If you're getting your insurance through work, its extremely likely that you're just getting screwed by insurance companies (yet again) and not the ACA. Insurance Companies are the criminals here and its embarrassing that the GOP has stalled any attempts from both sides of the aisle to fix some of the glaring problems that exist because of simple legislative language errors. 

Know your enemy on this one. And ask yourself who stalled this out and prevented any attempt to make it better...

 

Btowner, Justafan, OILERMAN and 1 other like this

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2 hours ago, TitanDuckFan said:

So, if we start treating old age for what it is, instead of a disease that can be cured, does that make us dicks?

Medical professionals seem to be convinced that we should be (continue) spending vast resources to keep people alive and thriving well beyond their realistically productive years.  Shouldn't it be okay to tell someone in their 80s that they're just worn out, instead of expecting them and their insurance to spend $60-80-100K/yr to stay active?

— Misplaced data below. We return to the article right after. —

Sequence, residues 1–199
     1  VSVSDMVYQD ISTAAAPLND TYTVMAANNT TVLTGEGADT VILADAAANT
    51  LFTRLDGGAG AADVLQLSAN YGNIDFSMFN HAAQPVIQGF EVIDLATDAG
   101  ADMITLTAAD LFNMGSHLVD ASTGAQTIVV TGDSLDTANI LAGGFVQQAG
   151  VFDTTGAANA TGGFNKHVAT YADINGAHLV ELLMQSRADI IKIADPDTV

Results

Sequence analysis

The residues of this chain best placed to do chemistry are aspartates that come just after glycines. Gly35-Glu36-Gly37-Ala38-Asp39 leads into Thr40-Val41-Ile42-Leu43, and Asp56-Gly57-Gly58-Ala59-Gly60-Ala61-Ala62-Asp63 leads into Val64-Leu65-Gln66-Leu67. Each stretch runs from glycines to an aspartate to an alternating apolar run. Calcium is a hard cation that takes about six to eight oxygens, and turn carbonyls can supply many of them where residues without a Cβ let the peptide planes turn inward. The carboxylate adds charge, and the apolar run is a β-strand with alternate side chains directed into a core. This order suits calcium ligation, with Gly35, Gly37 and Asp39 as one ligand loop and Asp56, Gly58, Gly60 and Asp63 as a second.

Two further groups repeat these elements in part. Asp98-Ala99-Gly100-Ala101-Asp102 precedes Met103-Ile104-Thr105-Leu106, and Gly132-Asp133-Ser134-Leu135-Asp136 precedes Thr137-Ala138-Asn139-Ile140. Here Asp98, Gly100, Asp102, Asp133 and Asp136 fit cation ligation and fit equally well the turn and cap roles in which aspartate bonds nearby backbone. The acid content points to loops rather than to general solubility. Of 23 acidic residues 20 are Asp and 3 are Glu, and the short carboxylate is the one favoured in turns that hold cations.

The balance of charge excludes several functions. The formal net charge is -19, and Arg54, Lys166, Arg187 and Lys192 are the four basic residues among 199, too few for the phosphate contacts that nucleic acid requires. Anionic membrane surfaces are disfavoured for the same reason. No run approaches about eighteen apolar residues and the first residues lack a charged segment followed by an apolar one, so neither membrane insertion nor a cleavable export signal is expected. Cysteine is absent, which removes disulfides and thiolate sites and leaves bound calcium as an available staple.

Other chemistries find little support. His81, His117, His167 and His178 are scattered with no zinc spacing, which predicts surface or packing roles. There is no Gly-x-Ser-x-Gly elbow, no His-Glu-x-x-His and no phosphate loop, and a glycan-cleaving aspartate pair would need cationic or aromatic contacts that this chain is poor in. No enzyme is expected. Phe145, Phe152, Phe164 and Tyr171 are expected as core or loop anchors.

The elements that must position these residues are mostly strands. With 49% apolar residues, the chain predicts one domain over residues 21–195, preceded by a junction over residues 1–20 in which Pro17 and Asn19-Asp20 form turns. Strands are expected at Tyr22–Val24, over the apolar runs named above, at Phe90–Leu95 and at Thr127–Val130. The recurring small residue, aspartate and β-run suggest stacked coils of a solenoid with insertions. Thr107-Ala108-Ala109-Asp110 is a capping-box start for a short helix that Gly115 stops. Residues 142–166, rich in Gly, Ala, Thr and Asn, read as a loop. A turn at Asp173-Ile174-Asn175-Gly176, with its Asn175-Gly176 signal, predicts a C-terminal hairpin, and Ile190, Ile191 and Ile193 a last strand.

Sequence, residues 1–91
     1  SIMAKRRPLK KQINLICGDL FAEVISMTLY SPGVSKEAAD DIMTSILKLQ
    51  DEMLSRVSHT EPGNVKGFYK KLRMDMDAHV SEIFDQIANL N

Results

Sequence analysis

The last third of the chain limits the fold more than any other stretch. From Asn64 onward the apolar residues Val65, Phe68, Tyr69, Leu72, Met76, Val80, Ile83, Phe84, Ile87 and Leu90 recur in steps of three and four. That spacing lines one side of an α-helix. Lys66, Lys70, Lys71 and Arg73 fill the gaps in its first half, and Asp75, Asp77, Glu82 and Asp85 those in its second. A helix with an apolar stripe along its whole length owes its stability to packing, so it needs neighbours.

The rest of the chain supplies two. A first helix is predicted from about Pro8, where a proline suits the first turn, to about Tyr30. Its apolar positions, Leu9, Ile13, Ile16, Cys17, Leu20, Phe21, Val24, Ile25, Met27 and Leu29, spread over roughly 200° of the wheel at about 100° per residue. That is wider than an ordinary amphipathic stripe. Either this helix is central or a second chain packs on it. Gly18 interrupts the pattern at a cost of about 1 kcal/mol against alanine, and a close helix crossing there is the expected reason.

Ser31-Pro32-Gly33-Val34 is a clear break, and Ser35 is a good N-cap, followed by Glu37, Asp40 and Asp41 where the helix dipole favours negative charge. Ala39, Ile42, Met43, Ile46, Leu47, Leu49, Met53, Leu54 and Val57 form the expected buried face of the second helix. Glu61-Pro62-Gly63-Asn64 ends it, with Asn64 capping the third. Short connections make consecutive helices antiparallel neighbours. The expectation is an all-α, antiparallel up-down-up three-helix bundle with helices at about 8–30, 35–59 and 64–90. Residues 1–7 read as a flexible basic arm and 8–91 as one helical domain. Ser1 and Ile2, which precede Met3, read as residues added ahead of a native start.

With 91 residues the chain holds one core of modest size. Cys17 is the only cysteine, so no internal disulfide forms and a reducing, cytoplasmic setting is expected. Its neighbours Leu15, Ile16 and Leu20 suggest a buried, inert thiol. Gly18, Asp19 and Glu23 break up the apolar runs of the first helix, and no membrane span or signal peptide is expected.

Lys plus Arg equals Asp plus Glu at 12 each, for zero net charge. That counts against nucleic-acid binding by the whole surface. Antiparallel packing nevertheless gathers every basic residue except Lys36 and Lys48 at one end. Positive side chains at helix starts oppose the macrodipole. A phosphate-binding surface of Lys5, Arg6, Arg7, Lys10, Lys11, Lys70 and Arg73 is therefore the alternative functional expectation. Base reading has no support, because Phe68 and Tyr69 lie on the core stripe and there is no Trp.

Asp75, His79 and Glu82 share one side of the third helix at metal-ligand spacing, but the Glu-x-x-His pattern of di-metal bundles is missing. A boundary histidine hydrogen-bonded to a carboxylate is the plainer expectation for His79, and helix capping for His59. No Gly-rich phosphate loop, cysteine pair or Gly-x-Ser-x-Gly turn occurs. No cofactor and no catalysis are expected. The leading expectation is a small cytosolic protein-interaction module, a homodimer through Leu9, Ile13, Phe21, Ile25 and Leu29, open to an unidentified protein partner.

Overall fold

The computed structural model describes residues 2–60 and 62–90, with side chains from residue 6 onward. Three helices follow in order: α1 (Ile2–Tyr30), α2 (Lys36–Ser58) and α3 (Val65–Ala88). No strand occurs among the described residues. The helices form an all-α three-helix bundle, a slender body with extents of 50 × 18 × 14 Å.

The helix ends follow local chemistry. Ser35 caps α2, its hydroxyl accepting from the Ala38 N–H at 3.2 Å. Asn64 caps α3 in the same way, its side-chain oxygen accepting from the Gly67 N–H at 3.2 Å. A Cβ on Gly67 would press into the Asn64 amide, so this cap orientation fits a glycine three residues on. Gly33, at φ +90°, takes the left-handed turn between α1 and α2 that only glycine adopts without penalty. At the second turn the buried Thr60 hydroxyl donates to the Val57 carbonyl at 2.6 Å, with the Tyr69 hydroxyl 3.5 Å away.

I have a friend whose mom is in her late 70s, and Medicare and her PI are paying out the ass to replace her knees, because they bother her after spending the day on the golf course.  Can't she limit herself to 9 holes?  Or take up swimming?

When does it become okay to tell someone that smoked for 40 years that they shouldn't expect to live past 70?  Or tell a few more people that their diet is responsible for their heart condition, not their insurance company.

We know we have an aging population in this country, and we know nothing lasts forever.  When will we start being realistic about who should bear the cost of keeping people alive beyond reasonable expectations? 

I would assume you're pro-abortion through a lot of this reasoning...

Justafan and OILERMAN like this

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12 minutes ago, Downtown said:

I would assume you're pro-abortion through a lot of this reasoning...

Why?  Aging is NOT a choice.  Unless you count suicide.

You either age, or you die.  You can't have it both ways.